The orange roughy fillet with fries and tartar sauce was divine. The fish was moist and flaky. The tartar sauce was not heavy and had bits of pickles in it. The fries were crispy outside and soft inside, with steam coming out when I bit into them.

I gobbled everything up in less than three minutes and felt so satisfied. I was a bit embarrassed that I was such a glutton.

I seldom post photos of food, but I took a photo of this and beautified it before posting it on Instagram.

Why don't you like to post food photos on social media?

It is a pet peeve of mine. The food is nice and hot, but I'm stopped from eating because everyone must take a photo first.

Usually I just sit there and smile, and since everyone is taking a photo, I take one too.

Do you have any other favourite cuisine?

I like Thai food too and I pig out in Bangkok. Taling Pling is one of my favourite restaurants.

One dish I always order is pad thai. If a restaurant cannot do a good pad thai, the rest of the food will suck. It's how I measure a restaurant. A good pad thai must have wok hei, the noodles cannot be soggy and must be nicely separated. And the dish has to be garnished with banana flower. If it isn't, it means that shop takes no pride in its cooking.

How about going out for hawker food?

The right food can light up your life, at least for a couple of hours.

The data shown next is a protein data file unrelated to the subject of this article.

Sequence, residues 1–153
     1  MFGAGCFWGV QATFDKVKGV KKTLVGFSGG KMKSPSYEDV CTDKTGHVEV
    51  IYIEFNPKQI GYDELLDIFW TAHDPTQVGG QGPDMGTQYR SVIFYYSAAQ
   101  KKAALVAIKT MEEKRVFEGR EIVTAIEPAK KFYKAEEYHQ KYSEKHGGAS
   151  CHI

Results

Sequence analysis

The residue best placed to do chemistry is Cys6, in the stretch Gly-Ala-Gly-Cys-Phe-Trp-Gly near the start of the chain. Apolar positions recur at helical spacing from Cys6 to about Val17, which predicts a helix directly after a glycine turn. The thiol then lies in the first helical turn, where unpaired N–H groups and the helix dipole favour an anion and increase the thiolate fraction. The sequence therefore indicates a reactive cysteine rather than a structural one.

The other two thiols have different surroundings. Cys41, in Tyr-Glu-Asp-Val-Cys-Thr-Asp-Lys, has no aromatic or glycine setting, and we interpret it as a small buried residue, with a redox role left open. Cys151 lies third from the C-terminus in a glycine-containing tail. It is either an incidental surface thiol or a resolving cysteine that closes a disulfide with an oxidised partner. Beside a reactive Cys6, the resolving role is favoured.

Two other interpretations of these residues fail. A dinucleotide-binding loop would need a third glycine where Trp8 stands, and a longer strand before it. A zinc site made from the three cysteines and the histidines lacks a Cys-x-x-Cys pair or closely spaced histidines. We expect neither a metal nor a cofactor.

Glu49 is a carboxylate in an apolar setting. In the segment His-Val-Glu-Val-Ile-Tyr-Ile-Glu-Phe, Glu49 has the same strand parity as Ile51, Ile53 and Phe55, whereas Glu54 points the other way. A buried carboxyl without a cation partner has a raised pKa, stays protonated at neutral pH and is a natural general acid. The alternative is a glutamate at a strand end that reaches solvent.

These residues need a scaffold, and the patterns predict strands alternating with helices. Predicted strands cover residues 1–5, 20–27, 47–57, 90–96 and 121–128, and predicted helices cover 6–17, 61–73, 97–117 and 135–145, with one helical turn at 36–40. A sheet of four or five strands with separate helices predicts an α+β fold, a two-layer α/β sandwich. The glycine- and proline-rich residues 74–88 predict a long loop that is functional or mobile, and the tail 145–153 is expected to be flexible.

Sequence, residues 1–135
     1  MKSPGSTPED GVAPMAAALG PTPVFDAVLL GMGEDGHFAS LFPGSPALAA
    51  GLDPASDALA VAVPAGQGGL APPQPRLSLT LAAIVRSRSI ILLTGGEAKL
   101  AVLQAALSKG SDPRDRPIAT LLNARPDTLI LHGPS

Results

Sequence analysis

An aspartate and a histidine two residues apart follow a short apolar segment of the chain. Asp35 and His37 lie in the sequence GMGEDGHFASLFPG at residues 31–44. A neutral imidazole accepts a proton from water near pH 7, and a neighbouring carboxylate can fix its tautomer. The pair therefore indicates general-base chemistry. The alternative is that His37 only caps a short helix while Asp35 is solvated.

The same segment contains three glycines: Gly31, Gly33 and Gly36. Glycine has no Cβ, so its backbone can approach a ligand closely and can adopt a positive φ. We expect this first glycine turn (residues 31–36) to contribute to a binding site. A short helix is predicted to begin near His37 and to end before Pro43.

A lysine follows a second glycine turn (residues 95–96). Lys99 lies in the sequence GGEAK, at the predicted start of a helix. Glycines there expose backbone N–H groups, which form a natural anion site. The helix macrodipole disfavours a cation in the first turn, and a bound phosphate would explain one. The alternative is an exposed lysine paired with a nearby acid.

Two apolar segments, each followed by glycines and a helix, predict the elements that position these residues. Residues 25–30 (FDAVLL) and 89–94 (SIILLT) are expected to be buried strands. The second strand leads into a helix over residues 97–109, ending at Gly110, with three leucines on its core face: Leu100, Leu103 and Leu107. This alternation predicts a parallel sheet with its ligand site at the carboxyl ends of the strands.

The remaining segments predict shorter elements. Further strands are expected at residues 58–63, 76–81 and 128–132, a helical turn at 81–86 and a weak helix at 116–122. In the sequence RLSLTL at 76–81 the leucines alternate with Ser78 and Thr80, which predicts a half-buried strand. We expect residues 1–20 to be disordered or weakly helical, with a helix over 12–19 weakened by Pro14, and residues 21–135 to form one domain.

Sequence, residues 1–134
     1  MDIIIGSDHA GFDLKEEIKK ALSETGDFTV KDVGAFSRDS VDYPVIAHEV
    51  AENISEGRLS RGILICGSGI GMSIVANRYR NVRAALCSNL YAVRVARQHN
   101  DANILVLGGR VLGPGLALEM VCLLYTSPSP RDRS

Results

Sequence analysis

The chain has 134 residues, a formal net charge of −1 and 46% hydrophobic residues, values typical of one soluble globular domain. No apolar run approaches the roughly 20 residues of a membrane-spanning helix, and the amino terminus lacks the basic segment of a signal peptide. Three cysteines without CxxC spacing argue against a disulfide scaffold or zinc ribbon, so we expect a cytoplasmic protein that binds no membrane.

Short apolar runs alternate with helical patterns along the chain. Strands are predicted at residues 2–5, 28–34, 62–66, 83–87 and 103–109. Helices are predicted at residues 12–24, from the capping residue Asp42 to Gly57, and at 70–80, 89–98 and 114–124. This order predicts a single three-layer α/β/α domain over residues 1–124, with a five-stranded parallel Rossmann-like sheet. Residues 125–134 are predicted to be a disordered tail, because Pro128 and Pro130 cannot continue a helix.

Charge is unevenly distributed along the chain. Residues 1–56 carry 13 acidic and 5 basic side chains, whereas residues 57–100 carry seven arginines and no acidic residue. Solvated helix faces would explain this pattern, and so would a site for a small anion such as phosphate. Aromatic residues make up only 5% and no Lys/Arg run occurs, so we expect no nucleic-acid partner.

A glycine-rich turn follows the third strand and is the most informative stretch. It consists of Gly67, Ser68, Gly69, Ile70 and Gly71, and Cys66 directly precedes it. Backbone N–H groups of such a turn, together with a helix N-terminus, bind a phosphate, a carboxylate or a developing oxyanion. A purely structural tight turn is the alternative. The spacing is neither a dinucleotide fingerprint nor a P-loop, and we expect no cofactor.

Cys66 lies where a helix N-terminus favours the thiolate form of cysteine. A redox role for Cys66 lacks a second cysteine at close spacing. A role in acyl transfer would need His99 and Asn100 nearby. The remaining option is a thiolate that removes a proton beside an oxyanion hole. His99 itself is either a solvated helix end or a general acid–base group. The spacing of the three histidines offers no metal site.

But it's getting more difficult to be comforted by comfort food because these foods no longer exist - at least to me. The taste is not there any more.

Because the weather is so hot, sometimes l like to go to a food court. But the food is cooked in a central kitchen. And sometimes the sign just says chicken rice, with no stall name. There is no pride or a story behind the stall. Even for a burger, you need to know whether it's a McDonald's or a Burger King.

So I just eat to fill up my stomach.

How did you learn to cook?

When I was a kid, every Sunday was spent at the market. My father cooked every Sunday and he was very meticulous. For example, everything must be cut to the same shape and the spring onion must be fresh, not limp. I think I got that from him.

I also hosted a few TV variety shows that featured food and met extraordinary chefs. I watched them cook and some were ready to share while others held back. I started to pick up things.

I have acute tastebuds and can replicate something I've eaten. I'd try to find out what the hidden flavours are. I like food that makes you think, something that baffles you - the dish seems so simple, but where do all these flavours come from?

What's the biggest group you've cooked for?

During Chinese New Year, I'd assign a day for people to visit.

I cook at least nine or 10 dishes and a lot of each. For a dish like spare ribs, it would be a huge pot of 50 to 60 ribs.

Other dishes could include chicken rice because I'm Hainanese, sweet and sour pork, sea cucumber with top shell, Hainanese mixed vegetables, prawns, crabs and soup with abalone.

If you could choose anyone in the world to have a meal with, who would that be?

My late father. He died at 59 of an illness, when I was 26.

I did not have many opportunities to cook for him when he was alive. My repertoire now is something I'm proud of and it'd be good if I could cook for him.

I'd cook everything I've sampled in foreign lands. My father was a seaman and it was through his black and white photos that I saw the different countries he sailed to.

So through the food, I can share with him my travels too.

• Follow Wong Ah Yoke on Twitter @STahyoke

A version of this article appeared in the print edition of The Sunday Times on June 26, 2016, with the headline 'No food photos, please'. Print Edition | Subscribe